Two months after we were married I started a full time job. Fortunately, I was able to ride with Hubby. So we used my net salary to pay off the car loan much more rapidly than we would have. When it was paid, we started socking the entire amount into savings. Two months before our second anniversary we moved into a brand new home that we had built. We had enough money for the home, taxes and to buy a refrigerator, sofa, and bed with cash. All other furniture came from his parents porch or garage. We snagged two dressers and a dining room table. We used towels for curtains until we could afford the real thing. As we saved the money, we bought 6 unfinished chairs that we painted to go with the dining room table that we had refinished. Hubby made end tables from a cheap door that the hardware store had made a mistake on. Those tables lasted us for 32 years. We used a card table and chairs that I got with green stamps earned from the grocery store so that we could sit in the kitchen. Our dishes, pots and pans were all accumulated with green stamps. We never bought anything if we could find a substitute or could get it with green stamps. After all we had a mortgage, homeowners insurance and taxes to pay for.
Shortly after we bought the home, I quit my job because I was pregnant. I lost the baby in the first six weeks. We were devastated. As time went on, we decided I would try to get pregnant again and that I would not go back to work.
So we then put our heads together and came up with a budget out of Hubby's salary so that we could pay everything we had to and pay tuition for Hubby to go back to college nights to earn his B.S. with a major in engineering. I stayed home and looked at every expense and how we could either reduce it or cut it all together. I took finance and how to save books out of the library and educated myself. I read every article in the newspapers that I read at the library on investing. I had lots of time on my hands because Hubby worked all day and went to college 3-4 nights a week. There was no internet back then to learn from.
How did we know we should save and not use credit? We had no formal education in that area. I had learned as I grew up that my grandparents, whose home I was raised in, had paid cash for their home. I watched my mom run up credit cards and struggle to make the minimum payments on them. We had a car loan and I hated looking at the interest we paid on it. Hubby's parents paid cash for their home. These things were are only education. I did have an accounting degree so I had learned some about loans and interest.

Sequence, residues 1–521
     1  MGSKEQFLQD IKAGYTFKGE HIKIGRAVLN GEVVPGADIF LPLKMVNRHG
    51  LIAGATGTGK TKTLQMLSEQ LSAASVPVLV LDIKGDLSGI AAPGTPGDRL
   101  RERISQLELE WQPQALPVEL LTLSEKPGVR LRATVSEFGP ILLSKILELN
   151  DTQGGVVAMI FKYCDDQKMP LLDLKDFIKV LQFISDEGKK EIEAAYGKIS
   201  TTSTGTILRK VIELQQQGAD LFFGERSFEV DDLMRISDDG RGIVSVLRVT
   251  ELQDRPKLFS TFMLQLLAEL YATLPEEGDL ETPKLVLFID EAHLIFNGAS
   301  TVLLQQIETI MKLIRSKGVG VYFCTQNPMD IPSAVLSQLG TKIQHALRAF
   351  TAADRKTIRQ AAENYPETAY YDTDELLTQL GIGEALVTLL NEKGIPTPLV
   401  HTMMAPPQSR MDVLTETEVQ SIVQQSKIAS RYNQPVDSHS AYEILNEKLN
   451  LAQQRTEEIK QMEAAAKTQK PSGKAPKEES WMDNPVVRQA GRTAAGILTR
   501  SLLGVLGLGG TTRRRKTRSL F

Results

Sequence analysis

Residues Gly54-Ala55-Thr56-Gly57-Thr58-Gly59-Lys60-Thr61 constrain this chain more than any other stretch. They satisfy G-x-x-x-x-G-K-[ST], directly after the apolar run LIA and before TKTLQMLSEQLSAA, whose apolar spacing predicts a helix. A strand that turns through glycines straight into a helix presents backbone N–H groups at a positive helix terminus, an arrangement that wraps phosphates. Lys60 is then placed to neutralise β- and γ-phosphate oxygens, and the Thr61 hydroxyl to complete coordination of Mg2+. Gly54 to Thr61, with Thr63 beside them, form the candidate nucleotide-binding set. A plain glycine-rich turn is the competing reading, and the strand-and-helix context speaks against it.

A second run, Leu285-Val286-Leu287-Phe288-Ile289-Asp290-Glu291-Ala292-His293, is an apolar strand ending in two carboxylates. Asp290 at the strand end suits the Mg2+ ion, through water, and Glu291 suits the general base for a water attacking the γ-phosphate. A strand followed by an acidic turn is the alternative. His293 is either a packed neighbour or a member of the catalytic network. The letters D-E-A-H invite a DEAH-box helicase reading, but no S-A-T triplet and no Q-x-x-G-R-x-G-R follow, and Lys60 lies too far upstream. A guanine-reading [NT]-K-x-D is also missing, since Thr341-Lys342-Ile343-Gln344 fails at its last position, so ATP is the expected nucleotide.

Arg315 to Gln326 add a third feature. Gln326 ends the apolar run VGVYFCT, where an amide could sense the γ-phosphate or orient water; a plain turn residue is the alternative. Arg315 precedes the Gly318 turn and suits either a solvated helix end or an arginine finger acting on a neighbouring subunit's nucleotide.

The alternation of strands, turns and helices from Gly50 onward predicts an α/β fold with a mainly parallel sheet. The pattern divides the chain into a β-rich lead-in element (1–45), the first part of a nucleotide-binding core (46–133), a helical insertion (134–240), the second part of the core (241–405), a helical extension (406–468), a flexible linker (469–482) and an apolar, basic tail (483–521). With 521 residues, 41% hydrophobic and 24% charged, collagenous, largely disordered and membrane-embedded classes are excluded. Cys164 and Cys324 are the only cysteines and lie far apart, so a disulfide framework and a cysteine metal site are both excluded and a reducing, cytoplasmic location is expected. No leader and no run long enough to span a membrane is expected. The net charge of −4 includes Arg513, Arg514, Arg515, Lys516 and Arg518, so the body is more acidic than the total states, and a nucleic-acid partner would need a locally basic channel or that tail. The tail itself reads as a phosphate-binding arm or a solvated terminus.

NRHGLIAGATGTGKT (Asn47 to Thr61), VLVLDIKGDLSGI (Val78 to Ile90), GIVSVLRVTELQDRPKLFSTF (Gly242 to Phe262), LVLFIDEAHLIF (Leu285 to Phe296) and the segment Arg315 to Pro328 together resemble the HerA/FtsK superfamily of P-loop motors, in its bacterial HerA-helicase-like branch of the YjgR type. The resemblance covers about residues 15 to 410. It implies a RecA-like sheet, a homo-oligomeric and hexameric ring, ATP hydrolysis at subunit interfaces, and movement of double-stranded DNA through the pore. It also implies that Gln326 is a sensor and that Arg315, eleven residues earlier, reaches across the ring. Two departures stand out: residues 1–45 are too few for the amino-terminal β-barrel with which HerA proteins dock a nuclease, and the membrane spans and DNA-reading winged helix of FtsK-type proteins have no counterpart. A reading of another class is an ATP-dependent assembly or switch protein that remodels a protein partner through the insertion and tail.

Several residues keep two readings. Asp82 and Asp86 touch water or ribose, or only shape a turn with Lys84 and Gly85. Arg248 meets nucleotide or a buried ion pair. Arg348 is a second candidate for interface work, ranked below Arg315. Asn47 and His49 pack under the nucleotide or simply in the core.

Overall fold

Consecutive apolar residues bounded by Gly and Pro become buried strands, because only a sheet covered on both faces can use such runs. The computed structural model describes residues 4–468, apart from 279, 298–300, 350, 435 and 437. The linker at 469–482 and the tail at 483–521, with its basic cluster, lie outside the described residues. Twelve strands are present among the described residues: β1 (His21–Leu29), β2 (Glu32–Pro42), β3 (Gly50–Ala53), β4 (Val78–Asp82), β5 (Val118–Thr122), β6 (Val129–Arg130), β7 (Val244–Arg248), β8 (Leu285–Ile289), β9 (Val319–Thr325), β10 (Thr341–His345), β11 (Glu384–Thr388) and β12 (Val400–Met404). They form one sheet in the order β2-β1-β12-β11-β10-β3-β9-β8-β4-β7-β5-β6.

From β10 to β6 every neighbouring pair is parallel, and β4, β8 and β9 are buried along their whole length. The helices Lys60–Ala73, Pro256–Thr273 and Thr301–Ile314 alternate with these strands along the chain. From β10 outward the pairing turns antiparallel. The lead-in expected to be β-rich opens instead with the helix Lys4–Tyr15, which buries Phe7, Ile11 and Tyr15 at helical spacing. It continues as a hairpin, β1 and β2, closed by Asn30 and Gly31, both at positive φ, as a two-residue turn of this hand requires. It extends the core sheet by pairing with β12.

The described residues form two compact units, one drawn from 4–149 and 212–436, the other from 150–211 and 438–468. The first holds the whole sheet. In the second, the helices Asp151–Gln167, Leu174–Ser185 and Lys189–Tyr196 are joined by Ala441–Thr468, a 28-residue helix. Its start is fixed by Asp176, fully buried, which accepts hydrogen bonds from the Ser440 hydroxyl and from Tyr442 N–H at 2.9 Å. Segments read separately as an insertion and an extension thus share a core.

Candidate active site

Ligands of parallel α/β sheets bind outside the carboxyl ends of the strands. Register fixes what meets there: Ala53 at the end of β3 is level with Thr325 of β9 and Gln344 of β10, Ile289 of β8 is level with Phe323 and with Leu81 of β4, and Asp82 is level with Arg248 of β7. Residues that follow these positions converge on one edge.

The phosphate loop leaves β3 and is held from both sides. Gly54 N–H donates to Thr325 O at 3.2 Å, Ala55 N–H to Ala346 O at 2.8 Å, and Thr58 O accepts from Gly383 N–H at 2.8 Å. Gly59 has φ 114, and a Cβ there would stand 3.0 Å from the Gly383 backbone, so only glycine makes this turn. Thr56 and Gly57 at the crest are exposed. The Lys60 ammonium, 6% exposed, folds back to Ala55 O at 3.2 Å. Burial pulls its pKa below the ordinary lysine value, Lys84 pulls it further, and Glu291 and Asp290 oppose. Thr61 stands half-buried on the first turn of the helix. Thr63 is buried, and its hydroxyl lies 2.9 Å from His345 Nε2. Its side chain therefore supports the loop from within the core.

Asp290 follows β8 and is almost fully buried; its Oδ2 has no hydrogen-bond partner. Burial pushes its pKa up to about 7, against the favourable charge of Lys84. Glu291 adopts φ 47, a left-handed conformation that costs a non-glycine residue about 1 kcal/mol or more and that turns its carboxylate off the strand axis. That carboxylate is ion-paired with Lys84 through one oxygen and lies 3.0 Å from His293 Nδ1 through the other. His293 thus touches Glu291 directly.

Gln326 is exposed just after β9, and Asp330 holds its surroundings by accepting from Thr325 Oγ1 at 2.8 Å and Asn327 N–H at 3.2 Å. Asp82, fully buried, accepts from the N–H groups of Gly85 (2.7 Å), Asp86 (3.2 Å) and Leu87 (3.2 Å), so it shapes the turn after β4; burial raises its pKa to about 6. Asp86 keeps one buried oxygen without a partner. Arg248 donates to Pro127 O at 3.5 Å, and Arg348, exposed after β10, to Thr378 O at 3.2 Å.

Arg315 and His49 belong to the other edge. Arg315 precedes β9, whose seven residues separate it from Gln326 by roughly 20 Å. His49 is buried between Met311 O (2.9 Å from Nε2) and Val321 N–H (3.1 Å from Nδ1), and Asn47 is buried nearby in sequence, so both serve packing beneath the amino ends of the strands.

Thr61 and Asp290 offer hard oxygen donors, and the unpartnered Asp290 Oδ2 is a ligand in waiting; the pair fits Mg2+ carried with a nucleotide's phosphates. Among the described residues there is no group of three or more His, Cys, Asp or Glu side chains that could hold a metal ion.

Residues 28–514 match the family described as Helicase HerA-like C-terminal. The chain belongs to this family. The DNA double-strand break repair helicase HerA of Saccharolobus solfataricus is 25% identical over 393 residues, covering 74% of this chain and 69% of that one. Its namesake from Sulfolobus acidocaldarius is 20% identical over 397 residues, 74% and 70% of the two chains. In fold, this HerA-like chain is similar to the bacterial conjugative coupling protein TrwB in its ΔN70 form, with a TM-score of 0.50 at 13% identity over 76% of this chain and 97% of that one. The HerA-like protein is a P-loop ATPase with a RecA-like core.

But bottom line, we were 19 and 20 year old newlyweds starting from scratch with a loan. We were just kids. But we both knew that we wanted things in life without going into debt. But most of all we wanted children and we wanted them to have a happy life and have some of the things that we didn't have when we grew up.
So the first thing I did when Hubby was working and I was at home was start what today would be a planner. It was just a notebook. Every dollar and every thing I did every day was put in that first planner. I tracked income and expenses with it. We didn't have Mint or Personal Capital back then. Everything I was going to do on any given day to help our bottom line was written down in that notebook. The first thing I did as a stay at home wife was learn how to cook cheaply. So I scoured depression era and any cheap recipe book I could take out of the library. I had many successes and many failures. But I finally learned.
So planning is a big part of how we got here today. In my estimation, it is never too late to begin to plan your future. Start from where you are today. I am still planning ours. It doesn't matter whether you have debt today or are well on your way investing or somewhere in between. Just start doing it! You can't get anywhere without a good plan. I graduated eventually to a Franklin Planner which I have been using every day for over 25 years. It serves me well each and every day. If you don't have a planner use a notebook or just some lined paper that you can put in a folder. But get your life on track by planning it. Life is too short to wing it.
This is part one in a series. Part two will continue tomorrow.